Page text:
Among the papabile noted by the Italian press, most of them are Italian.
"The idea of an Italian papabile is in favor. The Italians have a wide international vision and are likely to bend with regard to gradual reforms. An Italian could loosen the excessive rigidity of Wojtyla with regard to familiar relationships and sexuality," wrote La Repubblica 's seasoned Vatican journalist, Marco Politi, who co-authored "His Holiness: John Paul II and the Hidden history of Our Time," with the famed American journalist Carl Bernstein.
The top Italian papabile as reflected in the press is Cardinal Dionigi Tettamanzi, 70, Archbishop of Milan, according to Italian dailies such as Corriere della Sera, La Stampa, and La Repubblica.
Tettamanzi, emerged as a favorite, when on Apr. 4 in Milan, a multi-ethnic crowd shouted, "Long live the next pope," as the stout, candid Tettamanzi emerged from the city's gothic cathedral waving to the masses.
"Tettamanzi is undoubtedly a point figure. He has the right age, a solid doctrinal position, and was dear to Wojtyla. At the same time, he has a human and pastoral disposition when confronted with the issues facing contemporary Christians," wrote Politi.
Cardinal Tettamanzi is said to have assisted John Paul II in writing "Evangelium Vitae," an encyclical on human-life issues. A scholar and former professor of moral theology, he has written extensively on bio-ethics. He backed anti-globalization protesters at the tumultuous G-8 forum in Genoa in 2001 and has spoken out passionately against world poverty. He has frequently addressed youth, urging them to follow the way and life of Jesus Christ.
Corriere della Sera's Giangicamo Schiavi wrote that Tettamanzi is "a man of dialogue who doesn't surrender himself to a barren society." Schiavi described Tettamanzi as a good mediator between extremely conservative and non-conservative candidates.
Other Italian front-runners include:
Cardinal Angelo Scola, 64, Patriarch of Venice, who has followed in Pope John Paul's footsteps with regard to inter-religious dialogue. During his career he has reached out to the Orthodox church and Muslim world. Corriere della Sera lauded him as "Born poor and chosen by Wojtyla." La Repubblica's Politi explained that the Scola's relative youth could count against him, but stressed that he is nevertheless formidable competition for Tettamanzi.
Cardinal Crescenzio Sepe, 62, who headed the Pontifical Council for the Evangelization of the People. He studied canon law and theology and worked for years as a professor of theology. Sepe has also worked for the Vatican Secretary of State and served on the Pontifical Commission for Latin America. La Repubblica listed Sepe among seven papabile, referring to him as "The Red Pope," a name he earned serving as the curial official responsible for all of the world's missionaries.
Angelo Sodano, 78, ex-Vatican Secretary of State, is a cardinal who has had exceptional experience in the Roman Curia. He served as the apostolic nuncio, or liaison, between the Vatican and Chile. Sodano has been criticized by Italian media for his quick transition from diplomat to curial official.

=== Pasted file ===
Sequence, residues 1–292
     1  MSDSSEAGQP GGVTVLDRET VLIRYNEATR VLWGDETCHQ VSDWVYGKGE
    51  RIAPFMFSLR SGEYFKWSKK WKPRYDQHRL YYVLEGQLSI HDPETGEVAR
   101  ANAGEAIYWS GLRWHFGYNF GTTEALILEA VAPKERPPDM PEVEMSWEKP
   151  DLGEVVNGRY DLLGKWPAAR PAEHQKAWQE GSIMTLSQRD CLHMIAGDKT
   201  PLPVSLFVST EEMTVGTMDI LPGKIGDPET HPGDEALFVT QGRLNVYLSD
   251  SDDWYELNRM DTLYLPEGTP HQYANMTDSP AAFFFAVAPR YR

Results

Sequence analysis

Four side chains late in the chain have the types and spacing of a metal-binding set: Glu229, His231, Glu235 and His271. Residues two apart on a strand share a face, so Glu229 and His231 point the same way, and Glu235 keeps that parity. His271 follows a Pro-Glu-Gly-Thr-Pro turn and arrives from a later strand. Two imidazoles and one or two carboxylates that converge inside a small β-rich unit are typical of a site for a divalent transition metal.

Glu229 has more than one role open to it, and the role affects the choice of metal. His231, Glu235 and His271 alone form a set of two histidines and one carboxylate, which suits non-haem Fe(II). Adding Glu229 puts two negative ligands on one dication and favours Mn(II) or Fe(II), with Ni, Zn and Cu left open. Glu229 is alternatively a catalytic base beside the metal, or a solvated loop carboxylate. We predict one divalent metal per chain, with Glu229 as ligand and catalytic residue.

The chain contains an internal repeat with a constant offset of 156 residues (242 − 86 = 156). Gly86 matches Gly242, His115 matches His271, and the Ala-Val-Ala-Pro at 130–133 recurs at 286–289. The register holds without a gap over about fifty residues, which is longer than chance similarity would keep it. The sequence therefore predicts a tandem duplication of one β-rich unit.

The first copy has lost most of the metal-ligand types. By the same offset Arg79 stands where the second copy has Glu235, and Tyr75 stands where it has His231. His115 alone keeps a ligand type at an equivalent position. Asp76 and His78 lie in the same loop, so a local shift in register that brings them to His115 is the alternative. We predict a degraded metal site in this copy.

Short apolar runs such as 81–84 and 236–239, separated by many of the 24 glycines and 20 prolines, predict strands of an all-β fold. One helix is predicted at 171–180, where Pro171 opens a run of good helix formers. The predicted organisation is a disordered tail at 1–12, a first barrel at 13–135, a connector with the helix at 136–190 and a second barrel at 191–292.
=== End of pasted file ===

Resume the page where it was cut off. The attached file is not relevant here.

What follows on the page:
La Repubblica has listed him among seven papabile. Il Giornale, however, criticized Sodano for going "from diplomat to Secretary of State without driving a diocese."
Also mentioned among the papabile by other Italian newspapers include:
Camillo Ruini, 73, Vicar of Rome
Tarcisio Bertone, 70, Archbishop of Genoa
Gian Battista Re, 71, former Prefect for the Congregation of Bishops and President of the Pontifical Commission of Latin America.
The Italian media have also scrutinized non-Italian papabile, including:
Austrian Cardinal Christoph Schonborn, 60, the youngest papabile in the College of Cardinals. Born in Czechoslovakia, he hails from an aristocratic family. After being ordained as a Dominican, he studied psychology and philosophy at the University of Vienna before being ordained a Dominican priest in 1970. He later became a professor of Eastern Christian Theology and during his career made strides to forge dialogue between Orthodox and Christians. Corriere della Sera heralded him as a "voyager of dialogue with the Orthodox."
Corriere writer Paolo Valentino wrote, "He has the reverse problem with respect to a Rolling Stones song, 'Time is on My Side.' His young age, with respect to the cardinal electors, could be his biggest handicap. Many experts say the cardinals will chose an older candidate, whose pontificate will not last as long as the 26-year run that Karol Wojtyla had."
Cardinal Claudio Hummes, 70, Archbishop of Sao Paulo, a candidate who has worked among the poor and suffering, as a Franciscan in Brazil.
Oscar R. Maradiaga, 62, Archbishop of Tegucigalpa, Honduras. Maradiaga drew attention for speaking out against media coverage of the clergy sex-abuse scandal. He also served as president of the Latin American Bishops Council.
John Paul II chose nearly 100 percent of the cardinals who will elect the next pope. The late pontiff is credited with diversifying the electoral body by appointing cardinals from newly formed dioceses in Africa and Latin America. Still, 20 out of the 115 men who will file into the Sistine Chapel on Apr. 18 are Italian. Many of them have held top positions within the Roman Curia and or have worked in large Italian dioceses. In the days following the death of pope John Paul II, the Italian press has named many of the Italian electors among their papabile.